PhD PROPOSAL FOR THE PASTEUR-PARIS UNIVERSITY INTERNATIONAL PROGRAM

 

Deadline for full application: December 15th, 2013

 

Interviews: March, 2014

Start of the Ph.D.: October 1st, 2014

 

 

Department: Infection and Epidemiology

Title of the PhD project: Exploring Leishmania donovani-rodent host interactions : an approach in real time at the cellular and tissue level

Name of the lab: Trypanosomatids Infectious Processes Lab

Head of the lab: Dr Paola MINOPRIO

PhD advisor: Dr Thierry LANG

Email address: thierry.lang@pasteur.fr

Web site address of the lab: http://www.pasteur.fr/recherche/unites/tcruzi/minoprio/minoprio.html

Doctoral school affiliation and University:

Compléxité du Vivant-“ at the Paris 6 University

 

 

 

Presentation of the laboratory and its research topics:

 

The  laboratory’s  primary  goal  is  to  identify  molecules,  which  are  both  implicated  in  parasite  evasion  of  the host’s immune system and could ultimately be used as targets in the development of new therapies. The laboratory  has been studying experimental models of human Chagas disease and animal trypanosomosis, two of the “most neglected  diseases”  that  afflict  the  poor  and  powerless  in  developing  regions  of  sub-Saharan  Africa,  Asia  and the Americas. Chagas’  disease, the third largest disease burden in Latin America, is caused by Trypanosoma cruzi. The  team  has  recently  drawn  its  attention  to  other  protozoan  parasites of  the  trypanosomatid family which are equally considered as “neglected”: Leishmania (L) donovani and L. major, responsible respectively for  visceral  and  cutaneous Leishmaniasis. The pathogenesis differs among  those trypanosomatid  infectious  processes,  reflecting  the  different  interactions  of  these  parasites  with their  hosts,  but  important  immunological  dysfunctions  are  involved  in  the  development  of  these  seriously disabling illnesses. Aiming at better exploring the well-established experimental models of infections we  have  further developed  our  strategies  of  study  in  order  to  decipher  the  more  precisely  as  possible  the  interaction  of  these microorganisms  with  their  hosts. To circumvent the major constraints inherent to studying parasite /host interactions in the field, we had both developed in vivo animal models of trypanosomosis (1-4) and leishmaniasis (5-7). Our team uses a highly interdisciplinary approach to generate and validate innovative tools for real time imaging of these Trypanosomatidae in their mammalian hosts and insect vectors. We showed that the rodent experimental model reproduce most features of the infection in human. More than reflecting only the main parasitological parameters of  the  animal  infection,  the  rodent model  can  be  used  to  elucidate  the immunopathological  mechanisms involved in parasite evasion and persistence, and the tissue damage seen during infection and disease.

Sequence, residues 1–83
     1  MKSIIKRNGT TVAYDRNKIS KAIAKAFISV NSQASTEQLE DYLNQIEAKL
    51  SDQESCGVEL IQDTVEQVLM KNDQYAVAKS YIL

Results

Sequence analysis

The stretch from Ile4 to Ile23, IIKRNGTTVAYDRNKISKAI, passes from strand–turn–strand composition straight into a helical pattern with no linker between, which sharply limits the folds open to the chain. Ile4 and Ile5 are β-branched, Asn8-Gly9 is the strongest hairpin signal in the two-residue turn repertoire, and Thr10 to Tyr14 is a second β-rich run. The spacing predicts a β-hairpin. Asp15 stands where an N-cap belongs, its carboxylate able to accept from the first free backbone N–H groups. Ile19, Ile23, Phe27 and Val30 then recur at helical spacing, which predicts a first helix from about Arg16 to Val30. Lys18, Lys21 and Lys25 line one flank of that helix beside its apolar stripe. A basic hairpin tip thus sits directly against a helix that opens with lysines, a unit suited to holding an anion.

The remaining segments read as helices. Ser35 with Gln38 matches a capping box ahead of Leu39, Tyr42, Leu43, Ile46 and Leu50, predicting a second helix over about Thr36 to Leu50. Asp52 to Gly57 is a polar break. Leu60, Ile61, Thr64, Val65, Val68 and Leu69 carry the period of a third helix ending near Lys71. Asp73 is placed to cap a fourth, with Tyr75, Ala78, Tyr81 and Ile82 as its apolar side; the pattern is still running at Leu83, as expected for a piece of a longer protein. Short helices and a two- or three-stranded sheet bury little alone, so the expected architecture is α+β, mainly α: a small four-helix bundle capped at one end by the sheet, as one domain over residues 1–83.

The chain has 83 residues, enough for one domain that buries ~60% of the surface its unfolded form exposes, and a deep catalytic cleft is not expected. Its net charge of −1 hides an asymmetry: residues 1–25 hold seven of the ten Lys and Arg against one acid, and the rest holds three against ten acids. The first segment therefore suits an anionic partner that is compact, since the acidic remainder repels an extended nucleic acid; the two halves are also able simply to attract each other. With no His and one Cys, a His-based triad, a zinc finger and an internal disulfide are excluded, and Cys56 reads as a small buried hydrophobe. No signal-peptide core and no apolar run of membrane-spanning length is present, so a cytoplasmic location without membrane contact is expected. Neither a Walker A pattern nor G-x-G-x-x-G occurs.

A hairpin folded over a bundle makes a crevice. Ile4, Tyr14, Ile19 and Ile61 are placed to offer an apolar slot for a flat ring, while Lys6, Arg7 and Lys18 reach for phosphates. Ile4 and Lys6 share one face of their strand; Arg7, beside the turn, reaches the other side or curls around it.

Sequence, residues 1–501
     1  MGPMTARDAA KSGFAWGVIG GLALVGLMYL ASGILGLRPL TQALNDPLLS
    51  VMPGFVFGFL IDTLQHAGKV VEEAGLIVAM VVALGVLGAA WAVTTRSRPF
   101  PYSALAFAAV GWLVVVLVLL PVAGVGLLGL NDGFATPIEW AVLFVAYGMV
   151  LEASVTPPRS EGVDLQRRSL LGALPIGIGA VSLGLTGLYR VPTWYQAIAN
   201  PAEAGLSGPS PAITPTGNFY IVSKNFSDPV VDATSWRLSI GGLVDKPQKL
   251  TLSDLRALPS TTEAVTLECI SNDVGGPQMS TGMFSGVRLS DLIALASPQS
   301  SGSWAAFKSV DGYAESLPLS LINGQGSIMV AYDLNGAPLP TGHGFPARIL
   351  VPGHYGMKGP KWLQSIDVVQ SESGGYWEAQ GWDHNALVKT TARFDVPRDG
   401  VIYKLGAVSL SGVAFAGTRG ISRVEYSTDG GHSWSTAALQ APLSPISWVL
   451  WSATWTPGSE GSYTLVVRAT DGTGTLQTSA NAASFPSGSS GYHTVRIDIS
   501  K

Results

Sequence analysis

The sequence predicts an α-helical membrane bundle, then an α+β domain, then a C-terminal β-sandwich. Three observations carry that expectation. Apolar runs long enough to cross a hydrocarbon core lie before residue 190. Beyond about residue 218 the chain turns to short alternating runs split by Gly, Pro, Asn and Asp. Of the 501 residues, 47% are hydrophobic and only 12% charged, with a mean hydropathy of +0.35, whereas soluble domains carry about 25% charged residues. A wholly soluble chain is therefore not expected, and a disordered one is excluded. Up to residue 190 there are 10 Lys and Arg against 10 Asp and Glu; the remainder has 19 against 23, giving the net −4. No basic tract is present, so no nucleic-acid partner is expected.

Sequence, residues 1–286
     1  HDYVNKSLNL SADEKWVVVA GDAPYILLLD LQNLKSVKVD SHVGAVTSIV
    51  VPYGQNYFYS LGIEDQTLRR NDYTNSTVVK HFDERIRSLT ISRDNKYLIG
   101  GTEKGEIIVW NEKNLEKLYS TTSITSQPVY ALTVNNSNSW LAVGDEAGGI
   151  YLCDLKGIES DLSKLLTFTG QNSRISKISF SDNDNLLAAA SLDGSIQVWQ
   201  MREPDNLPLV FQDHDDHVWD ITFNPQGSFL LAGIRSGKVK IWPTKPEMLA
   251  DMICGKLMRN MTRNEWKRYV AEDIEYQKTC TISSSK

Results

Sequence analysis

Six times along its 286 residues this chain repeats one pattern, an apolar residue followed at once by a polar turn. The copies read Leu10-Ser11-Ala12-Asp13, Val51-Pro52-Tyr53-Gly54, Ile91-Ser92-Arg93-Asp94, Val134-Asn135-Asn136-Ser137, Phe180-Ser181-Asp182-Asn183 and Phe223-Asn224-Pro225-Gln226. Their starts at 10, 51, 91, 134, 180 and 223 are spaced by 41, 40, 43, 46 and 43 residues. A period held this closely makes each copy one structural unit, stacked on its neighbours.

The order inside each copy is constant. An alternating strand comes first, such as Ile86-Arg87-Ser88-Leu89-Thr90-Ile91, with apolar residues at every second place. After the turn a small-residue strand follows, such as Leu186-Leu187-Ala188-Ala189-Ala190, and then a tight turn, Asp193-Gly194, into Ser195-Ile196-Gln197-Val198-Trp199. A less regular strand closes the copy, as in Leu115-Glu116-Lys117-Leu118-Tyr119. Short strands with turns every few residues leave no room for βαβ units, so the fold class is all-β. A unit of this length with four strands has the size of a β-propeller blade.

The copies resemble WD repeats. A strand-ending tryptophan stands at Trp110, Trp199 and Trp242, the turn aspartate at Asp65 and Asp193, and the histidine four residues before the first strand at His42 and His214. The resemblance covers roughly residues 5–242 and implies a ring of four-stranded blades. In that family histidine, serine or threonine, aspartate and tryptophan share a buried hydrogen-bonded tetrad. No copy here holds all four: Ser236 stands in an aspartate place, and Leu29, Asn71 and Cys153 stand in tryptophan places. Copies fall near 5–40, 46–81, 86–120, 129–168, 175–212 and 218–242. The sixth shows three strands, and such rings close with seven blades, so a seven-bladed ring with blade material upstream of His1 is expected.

Description of the project:

(1 page, Arial font size 11 : 600 words in total with at least 50% dedicated specifically to the proposed PhD project(s))

 

During the infectious cycle, trypanosomatid pathogens of the genus Leishmania alternate between the insect promastigote stage and the vertebrate amastigote stage that proliferates inside infected host tissues provoking the pathology of the disease (5). The major scope of our work is to accurately delineate and characterize Trypanosomatidae-driven processes in rodent tissues following parasite inoculation. The small size of these eukaryotic parasites and the spatial resolution limits of conventional imaging technologies have hampered analysis of host-parasite interactions at the single cell level. We have previously established and validated innovative imaging technologies to visualize tissue localization dynamics of Leishmania and Trypanosoma in vertebrate hosts (5). We built upon our expertise in cutting edge imaging and cellular host interactions to develop and use bioluminescence/fluorescence quantitative imaging with 2D and 3D spatial resolution (8, 9). By using bioluminescent and/or far red fluorescent parasites, we investigated the possibility to delineate the various phases of the infectious process by monitoring the Leishmania populations and analyzing the cellular mechanisms at the host and tissue (7, 9).